Sloane Stephens (USA): No. 10 ==============> No. 14 (Stephens drops out of the top 10 the first time since the Miami Open in 2018).

Madison Keys (USA): No. 9 ==============> No. 16

Anastasija Sevastova (LAT): No. 11 ==============> No. 18 (Sevastova was a semifinalist a year ago, lost in the third round to Petra Martic this year).


Marketa Vondrousova (SVK): No. 17 ==============> No. 22 (The 20-year-old from the Czech Republic reached the French Open final. But she’s barely played since. She played two matches at Eastbourne, lost in the first round of Wimbledon to Madison Brengle, and skipped the hard-court season entirely because of a left wrist injury (she’s a lefty). She just pulled out of Osaka next week, too).

Caroline Garcia (FRA): No. 27 ==============> No. 31

Carla Suárez Navarro (ESP): No. 33 ==============> No. 44 (Not only did Suárez Navarro get dinged for $40,000 for playing the US Open and retiring after the first set, her ranking drops as well).


Venus Williams (USA): No. 52 ==============> No. 56 (The 39-year-old has been given wild cards into the Premier 5 in Wuhan and the Premier Mandatory in Beijing).

Iga Swiatek (POL): No. 49 ==============> No. 57

Lesia Tsurenko (UKR): No. 40 ==============> No. 68 (Tsurenko was a quarterfinalist a year ago, losing to eventual champion Osaka. But she’s been out for awhile with an elbow injury, and couldn’t defend her points from a quarterfinal in Cincinnati, either).

Where is Cibukova? She’s been out of sight since the French Open. (Stephanie Myles/Tennis.Life)

Dominika Cibulkova (SVK): No. 70 ==============> No. 96 (She looks busy with an academy back home, but Cibulkova hasn’t played since losing in the first round of the French Open about 4 1/2 months ago. And from what we can see, she hasn’t entered anything else the rest of the season).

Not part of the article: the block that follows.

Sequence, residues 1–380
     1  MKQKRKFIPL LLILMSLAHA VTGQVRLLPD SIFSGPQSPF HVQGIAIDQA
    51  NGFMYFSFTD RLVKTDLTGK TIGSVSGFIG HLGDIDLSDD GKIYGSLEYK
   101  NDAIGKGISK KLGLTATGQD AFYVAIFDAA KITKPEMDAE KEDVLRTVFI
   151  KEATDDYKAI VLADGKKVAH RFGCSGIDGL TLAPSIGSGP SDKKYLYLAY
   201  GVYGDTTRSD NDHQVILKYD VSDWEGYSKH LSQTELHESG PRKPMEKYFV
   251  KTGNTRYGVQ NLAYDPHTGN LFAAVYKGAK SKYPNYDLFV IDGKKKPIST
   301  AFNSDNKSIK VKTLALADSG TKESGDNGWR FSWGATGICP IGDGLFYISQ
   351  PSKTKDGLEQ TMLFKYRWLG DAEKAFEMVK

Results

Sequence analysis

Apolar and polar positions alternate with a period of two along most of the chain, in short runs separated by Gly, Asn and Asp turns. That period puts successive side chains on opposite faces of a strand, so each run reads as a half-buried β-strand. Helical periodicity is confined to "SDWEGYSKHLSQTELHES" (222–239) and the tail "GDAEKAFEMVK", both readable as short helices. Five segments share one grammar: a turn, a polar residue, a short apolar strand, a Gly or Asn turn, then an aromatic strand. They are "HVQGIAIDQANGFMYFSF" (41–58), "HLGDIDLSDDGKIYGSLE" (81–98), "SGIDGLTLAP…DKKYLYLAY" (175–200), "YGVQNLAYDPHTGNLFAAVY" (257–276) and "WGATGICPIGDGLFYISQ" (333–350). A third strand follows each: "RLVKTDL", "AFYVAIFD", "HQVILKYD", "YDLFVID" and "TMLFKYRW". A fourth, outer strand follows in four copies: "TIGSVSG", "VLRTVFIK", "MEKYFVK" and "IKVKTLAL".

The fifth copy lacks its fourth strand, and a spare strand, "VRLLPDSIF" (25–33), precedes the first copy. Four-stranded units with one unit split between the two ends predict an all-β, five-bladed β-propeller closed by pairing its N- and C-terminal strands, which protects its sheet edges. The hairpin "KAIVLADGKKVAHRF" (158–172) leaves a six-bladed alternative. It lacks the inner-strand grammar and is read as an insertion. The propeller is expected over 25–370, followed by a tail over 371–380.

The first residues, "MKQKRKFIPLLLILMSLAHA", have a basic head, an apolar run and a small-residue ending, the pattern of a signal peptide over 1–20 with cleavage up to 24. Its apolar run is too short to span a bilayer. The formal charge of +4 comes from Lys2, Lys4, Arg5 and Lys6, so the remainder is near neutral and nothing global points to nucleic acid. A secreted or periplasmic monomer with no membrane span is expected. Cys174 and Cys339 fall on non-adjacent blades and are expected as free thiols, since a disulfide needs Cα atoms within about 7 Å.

Vera Zvonareva (RUS): No. 85 ==============> No. 102 (Zvonareva, who worked so hard to get back into the top 100, has slid out after being off the court since losing in the first round of Rome and the French Open. She also has a left injury (although she’s a righty, with a two-handed backhand).

Kaia Kanepi (EST): No. 81 ==============> No. 109

Aleksandra Krunic (SRB): No. 97 ==============> No. 122

Mona Barthel (GER): No. 102 ==============> No. 130

Maria Sharapova (RUS): No. 87 ==============> No. 135 (Her ranking is sort of irrelevant, as she can get top-20 wild cards. Still, it’s not a number she’d want to look at).

Eugenie Bouchard (CAN): No. 119 ==============> No. 151 (The Canadian is out of the top 150. And she has cancelled her planned efforts to play on the Asian circuit. Bouchard pulled out of Nanchang this week and Guangzhou next week (where she was in the qualifying). She also withdrew from Wuhan, where she was a long way from the main draw but, had she entered the qualifying, might have squeezed in by the the it came around. Her new status puts her way down the list for Linz and Luxembourg – where we’re told she has an ongoing deal to appear in Luxembourg, so she’ll need a wild card. Meanwhile, the former No. 5 has entered a $60,000 ITF event in Templeton, Calif. the week of Sept. 23 but not, so far, a similar event in Charleston the following week. She also has entered $80Ks in Macon, Georgia and Tyler, Texas in late October/early November).

Bouchard is out of the top 150 after the US Open. (Stephanie Myles/Tennis.Life)

Francoise Abanda (CAN): No. 278 ==============> No. 351 (An awful drop for Abanda, who lost in the first round of US Open qualifying to Sachia Vickery, whom she had beaten a few weeks before at the Granby Challenger. Abanda reached the final round of qualifying in New York last year, and the quarters at the Challenger in Chicago the next week. So that was 65 points off the docket. She, too, will return to action on the ITF circuit and try to reverse the curve).

The race to Shenzhen

Andreescu also moves to No. 4 with a rocket in the race to the year-end championships in Shenzhen, China.

For the complete WTA rankings picture, click here.